The comment certainly made for a snappy soundbite. But Jones’s criticism of the lender doesn’t hold up to scrutiny.
While Kiwibank’s new responsible policy may seem “woke” or “PC-gone mad” to some, it makes sense for lenders to pursue a more ethical stance in 2020.
The state-backed bank is, in fact, joining “the rest of the world” by going down the responsible route.
In the largest global economies, environmental and social governance (ESG) has taken off over the past decade, as companies try to become more resilient by cleaning up their act. Many banks have ecognised the trend.
Wall Street titan Goldman Sachs plans to spend US$750 billion (US$1.129b) on sustainable finance over the next decade.
Bank of America has pledged US$300b to sustainable investments. Smaller retail lenders such as the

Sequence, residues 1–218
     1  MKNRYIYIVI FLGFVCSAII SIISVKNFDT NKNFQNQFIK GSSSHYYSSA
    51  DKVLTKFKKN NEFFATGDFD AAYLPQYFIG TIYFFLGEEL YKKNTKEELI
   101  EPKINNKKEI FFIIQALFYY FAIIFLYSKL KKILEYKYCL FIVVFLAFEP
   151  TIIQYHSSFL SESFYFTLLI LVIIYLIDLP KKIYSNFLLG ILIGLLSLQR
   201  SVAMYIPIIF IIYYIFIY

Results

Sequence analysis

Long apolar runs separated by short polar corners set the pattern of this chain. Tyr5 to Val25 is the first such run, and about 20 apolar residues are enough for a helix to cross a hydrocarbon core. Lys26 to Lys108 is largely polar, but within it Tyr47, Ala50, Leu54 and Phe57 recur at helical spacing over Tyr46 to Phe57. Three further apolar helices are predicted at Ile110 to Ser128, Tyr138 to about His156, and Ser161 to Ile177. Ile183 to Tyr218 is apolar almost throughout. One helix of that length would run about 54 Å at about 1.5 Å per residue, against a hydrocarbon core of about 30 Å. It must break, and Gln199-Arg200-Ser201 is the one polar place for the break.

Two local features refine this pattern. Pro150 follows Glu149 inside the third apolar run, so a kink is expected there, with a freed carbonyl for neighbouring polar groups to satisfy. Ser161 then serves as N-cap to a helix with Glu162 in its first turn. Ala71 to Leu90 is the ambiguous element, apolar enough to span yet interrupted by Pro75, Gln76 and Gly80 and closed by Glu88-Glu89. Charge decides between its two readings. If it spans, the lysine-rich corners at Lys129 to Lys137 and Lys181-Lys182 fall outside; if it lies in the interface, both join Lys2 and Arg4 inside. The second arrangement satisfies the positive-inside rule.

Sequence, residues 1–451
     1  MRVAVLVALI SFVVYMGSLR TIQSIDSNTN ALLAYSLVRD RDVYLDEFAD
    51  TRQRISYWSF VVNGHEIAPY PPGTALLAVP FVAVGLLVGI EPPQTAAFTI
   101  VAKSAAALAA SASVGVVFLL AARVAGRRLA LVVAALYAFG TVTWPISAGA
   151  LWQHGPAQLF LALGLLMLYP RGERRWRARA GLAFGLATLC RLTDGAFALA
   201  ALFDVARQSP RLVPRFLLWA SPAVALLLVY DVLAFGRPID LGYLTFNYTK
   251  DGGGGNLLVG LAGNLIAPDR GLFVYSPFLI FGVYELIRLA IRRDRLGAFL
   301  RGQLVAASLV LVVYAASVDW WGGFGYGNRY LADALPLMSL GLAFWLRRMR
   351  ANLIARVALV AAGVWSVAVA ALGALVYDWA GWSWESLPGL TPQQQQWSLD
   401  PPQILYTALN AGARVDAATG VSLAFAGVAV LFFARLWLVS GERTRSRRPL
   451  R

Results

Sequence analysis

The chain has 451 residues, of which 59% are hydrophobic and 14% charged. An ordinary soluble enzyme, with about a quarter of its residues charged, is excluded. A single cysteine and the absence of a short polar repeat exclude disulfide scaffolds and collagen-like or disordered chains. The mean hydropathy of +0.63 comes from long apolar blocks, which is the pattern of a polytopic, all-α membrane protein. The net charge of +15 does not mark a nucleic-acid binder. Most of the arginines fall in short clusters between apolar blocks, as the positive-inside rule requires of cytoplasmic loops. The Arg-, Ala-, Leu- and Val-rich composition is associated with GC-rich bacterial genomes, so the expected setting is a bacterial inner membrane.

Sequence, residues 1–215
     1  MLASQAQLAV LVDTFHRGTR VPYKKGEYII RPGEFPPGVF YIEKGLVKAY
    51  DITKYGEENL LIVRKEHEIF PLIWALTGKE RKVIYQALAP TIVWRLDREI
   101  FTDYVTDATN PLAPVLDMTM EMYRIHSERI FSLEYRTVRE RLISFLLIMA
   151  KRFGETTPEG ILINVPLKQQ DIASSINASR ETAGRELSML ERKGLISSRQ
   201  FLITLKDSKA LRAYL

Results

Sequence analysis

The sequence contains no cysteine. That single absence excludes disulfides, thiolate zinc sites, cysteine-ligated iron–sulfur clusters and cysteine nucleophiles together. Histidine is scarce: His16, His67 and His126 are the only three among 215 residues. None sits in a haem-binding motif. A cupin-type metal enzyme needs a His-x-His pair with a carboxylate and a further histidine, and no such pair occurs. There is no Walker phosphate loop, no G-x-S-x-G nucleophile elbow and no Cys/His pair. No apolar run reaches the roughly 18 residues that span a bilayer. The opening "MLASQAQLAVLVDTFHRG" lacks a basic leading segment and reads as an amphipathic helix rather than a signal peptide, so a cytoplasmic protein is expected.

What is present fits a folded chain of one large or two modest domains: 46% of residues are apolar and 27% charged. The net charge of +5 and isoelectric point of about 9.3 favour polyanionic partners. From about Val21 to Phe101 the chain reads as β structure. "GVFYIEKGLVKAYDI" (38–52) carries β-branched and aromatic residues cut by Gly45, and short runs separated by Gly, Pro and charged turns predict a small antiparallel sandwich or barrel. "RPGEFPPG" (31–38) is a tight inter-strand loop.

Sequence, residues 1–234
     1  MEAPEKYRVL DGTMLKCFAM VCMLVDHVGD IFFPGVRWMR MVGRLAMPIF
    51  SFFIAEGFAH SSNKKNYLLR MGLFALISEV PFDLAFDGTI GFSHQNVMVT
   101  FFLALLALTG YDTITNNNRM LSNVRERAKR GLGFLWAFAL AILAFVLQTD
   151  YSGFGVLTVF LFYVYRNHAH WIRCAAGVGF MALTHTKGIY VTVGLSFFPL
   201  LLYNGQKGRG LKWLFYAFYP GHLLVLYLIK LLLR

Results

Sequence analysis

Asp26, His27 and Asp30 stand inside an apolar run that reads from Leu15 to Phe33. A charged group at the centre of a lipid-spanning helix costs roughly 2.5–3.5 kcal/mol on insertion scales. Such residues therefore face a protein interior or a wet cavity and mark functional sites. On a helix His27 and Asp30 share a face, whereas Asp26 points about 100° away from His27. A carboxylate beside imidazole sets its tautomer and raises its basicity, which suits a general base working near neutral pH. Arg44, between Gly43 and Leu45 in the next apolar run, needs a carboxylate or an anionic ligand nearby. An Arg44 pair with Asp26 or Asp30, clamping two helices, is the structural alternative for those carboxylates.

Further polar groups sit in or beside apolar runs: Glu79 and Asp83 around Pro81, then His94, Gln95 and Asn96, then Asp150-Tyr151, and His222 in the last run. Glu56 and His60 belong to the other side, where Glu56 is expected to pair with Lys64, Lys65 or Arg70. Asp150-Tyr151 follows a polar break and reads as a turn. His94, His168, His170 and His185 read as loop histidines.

UK’s Co-operative Bank and Bank Australia have had Kiwibank-like exclusions for years.
Global fund management giants have also shifted towards more ethical practices. Blackrock and Vanguard offer funds that exclude sectors including tobacco and weapons. Bank of America predicts there will be US$20 trillion of asset growth in ESG funds over the next 20 years.
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